17. Hello, I just started making some jewelry, and I am really confused as to some information I received from the art guild downtown. What I asked was: is there anything I can do (type of clay, firing, etc) to make my pieces stronger..... I am used to slab building, and very new to jewelry; what I was told was to fire my jewelry pieces at a higher cone temp. The higher the cone temp, the "stronger" and more durable my piece. Is that true? Meaning, if I am used to firing at cone 04, if I take the same type of clay, say B-Mix and it is capable at firing up to cone 4 - instead of firing my jewelry at cone 04 and fire it at cone 4, will the piece actually be stronger than if I had fired it at cone 04? If so, why? thank you!
  18. Handmade Bead/ornament Holder For Firing?

    i was just about ready to ask something along the lines of the same question - however, I fire to a hotter temp - up to cone 4; is there less expensive wire sources available for wire to withstand higher firing temps? thanks!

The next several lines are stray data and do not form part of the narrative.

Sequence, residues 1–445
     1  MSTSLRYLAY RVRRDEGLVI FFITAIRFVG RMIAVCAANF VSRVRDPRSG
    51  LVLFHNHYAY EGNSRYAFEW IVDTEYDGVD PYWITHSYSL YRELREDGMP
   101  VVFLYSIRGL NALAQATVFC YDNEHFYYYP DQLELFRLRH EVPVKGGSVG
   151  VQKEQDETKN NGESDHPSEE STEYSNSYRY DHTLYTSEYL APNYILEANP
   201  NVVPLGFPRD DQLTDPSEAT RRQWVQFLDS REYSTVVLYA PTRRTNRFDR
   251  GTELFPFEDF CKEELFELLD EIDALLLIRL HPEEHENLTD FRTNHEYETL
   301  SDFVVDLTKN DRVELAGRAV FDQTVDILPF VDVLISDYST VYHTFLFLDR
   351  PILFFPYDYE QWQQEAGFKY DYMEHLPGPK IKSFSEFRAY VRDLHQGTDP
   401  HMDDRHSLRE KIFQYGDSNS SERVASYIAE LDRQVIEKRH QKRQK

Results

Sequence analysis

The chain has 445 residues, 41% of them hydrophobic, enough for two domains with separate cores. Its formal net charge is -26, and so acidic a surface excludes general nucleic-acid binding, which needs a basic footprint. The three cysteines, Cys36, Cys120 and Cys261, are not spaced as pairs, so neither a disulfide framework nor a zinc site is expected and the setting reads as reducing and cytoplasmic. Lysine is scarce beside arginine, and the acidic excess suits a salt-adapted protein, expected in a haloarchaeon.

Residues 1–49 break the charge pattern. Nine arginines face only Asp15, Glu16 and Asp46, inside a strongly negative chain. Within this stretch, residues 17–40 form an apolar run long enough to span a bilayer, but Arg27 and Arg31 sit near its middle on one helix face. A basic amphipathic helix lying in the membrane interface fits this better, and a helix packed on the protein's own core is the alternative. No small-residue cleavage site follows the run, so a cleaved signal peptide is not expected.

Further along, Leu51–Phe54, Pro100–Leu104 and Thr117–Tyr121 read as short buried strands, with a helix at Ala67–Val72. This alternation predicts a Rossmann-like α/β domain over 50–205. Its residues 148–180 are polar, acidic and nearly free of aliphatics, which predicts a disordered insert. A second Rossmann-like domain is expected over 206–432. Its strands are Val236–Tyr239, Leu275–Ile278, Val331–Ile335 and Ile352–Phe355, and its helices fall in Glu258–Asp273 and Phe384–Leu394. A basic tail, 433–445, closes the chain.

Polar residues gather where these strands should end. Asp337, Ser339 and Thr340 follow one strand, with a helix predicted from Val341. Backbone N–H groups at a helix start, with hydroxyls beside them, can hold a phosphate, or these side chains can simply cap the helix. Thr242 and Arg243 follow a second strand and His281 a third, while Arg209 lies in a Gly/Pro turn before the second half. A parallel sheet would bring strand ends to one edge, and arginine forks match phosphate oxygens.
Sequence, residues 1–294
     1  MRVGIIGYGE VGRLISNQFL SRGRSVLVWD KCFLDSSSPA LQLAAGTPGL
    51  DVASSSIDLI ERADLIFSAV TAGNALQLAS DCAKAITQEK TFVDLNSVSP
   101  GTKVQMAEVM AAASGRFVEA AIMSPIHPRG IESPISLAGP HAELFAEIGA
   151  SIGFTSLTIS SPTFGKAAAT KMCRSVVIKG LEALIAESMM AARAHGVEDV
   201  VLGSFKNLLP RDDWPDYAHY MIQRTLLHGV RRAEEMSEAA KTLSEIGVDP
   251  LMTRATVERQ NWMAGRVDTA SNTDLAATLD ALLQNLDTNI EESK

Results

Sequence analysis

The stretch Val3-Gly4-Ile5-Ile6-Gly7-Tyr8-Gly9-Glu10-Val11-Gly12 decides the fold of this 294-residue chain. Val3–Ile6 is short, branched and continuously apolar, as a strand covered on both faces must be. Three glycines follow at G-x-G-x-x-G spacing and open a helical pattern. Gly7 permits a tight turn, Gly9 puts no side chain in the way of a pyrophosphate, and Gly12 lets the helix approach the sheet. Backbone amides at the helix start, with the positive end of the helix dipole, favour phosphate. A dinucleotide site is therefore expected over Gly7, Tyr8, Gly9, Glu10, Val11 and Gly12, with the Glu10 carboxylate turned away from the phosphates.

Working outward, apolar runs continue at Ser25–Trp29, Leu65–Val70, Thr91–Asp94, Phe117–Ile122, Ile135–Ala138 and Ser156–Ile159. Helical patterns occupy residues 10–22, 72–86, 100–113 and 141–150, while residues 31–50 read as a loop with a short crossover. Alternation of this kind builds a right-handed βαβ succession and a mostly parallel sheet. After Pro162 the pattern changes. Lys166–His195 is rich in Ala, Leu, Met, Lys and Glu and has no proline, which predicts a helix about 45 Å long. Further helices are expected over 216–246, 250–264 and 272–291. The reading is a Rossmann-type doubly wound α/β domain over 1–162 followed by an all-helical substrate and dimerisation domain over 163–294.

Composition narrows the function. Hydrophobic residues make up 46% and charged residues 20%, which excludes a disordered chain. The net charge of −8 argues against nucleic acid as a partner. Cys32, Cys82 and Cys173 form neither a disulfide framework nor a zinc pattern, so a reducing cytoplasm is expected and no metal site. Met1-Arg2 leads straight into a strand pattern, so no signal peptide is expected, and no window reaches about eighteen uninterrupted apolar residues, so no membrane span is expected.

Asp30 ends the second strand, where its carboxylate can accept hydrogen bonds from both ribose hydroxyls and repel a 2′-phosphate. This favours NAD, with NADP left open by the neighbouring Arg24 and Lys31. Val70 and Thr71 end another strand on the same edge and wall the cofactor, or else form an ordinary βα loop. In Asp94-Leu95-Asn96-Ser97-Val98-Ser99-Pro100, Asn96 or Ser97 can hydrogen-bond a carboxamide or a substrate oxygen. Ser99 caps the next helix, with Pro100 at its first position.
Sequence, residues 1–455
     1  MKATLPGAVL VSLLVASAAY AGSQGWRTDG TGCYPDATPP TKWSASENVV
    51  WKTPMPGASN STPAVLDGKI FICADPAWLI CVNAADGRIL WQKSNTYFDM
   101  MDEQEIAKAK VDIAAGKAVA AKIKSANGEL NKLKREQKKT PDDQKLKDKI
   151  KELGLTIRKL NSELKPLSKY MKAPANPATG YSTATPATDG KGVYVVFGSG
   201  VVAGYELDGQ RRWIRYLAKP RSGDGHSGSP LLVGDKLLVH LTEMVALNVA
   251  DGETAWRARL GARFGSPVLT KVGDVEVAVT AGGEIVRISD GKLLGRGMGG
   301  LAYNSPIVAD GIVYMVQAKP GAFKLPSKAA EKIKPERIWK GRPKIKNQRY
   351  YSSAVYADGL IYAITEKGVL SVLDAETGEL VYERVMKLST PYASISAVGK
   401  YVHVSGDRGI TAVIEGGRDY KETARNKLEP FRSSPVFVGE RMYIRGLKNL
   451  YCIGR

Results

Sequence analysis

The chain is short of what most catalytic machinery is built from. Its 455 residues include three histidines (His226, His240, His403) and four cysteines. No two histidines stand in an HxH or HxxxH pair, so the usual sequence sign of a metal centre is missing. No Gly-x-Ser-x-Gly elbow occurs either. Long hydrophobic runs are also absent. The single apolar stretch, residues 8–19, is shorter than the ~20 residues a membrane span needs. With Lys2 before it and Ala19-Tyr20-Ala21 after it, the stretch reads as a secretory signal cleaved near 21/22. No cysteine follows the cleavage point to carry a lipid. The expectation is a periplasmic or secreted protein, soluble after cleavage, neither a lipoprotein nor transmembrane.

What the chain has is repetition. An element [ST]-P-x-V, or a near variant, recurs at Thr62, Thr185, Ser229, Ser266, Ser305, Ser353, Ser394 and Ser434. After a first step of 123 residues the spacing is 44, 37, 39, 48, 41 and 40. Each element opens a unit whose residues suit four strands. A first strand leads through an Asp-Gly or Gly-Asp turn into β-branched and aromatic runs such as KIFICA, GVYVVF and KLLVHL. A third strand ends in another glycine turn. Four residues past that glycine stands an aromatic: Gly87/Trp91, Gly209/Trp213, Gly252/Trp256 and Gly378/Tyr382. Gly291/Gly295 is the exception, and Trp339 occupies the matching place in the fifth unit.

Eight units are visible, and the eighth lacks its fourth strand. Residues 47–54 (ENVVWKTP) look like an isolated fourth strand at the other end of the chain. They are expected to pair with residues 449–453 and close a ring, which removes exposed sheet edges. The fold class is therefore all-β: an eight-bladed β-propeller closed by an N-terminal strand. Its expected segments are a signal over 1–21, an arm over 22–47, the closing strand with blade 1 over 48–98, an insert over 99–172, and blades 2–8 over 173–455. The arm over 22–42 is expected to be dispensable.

19. Hi all, I am still refining my display as each show passes, but it is a work in progress and is coming along nicely. I do mostly Raku and Horse Hair pottery - items that are non-functional for the most part, and items that perhaps not everyone understands. Oddly enough, some of my venues are at high ranking horse shows (thus custom horse hair work) but I am noticing a lot of people either: 1) do not know what horse hair pottery is (Raku as well) 2) are confused by it 3) don't know what to think about it I have made short 1/2 page informational blurbs to explain what each one (the horse hair and raku) are; but no one reads them I have tried making a very short pictorial "story board" of what the horse hair is, and no one reads that So - my question is - for those of you that display and sell more non-functional/art work - how do you display your work so people understand what it is, are not confused by it, and are attracted to it? Any ideas? Charlene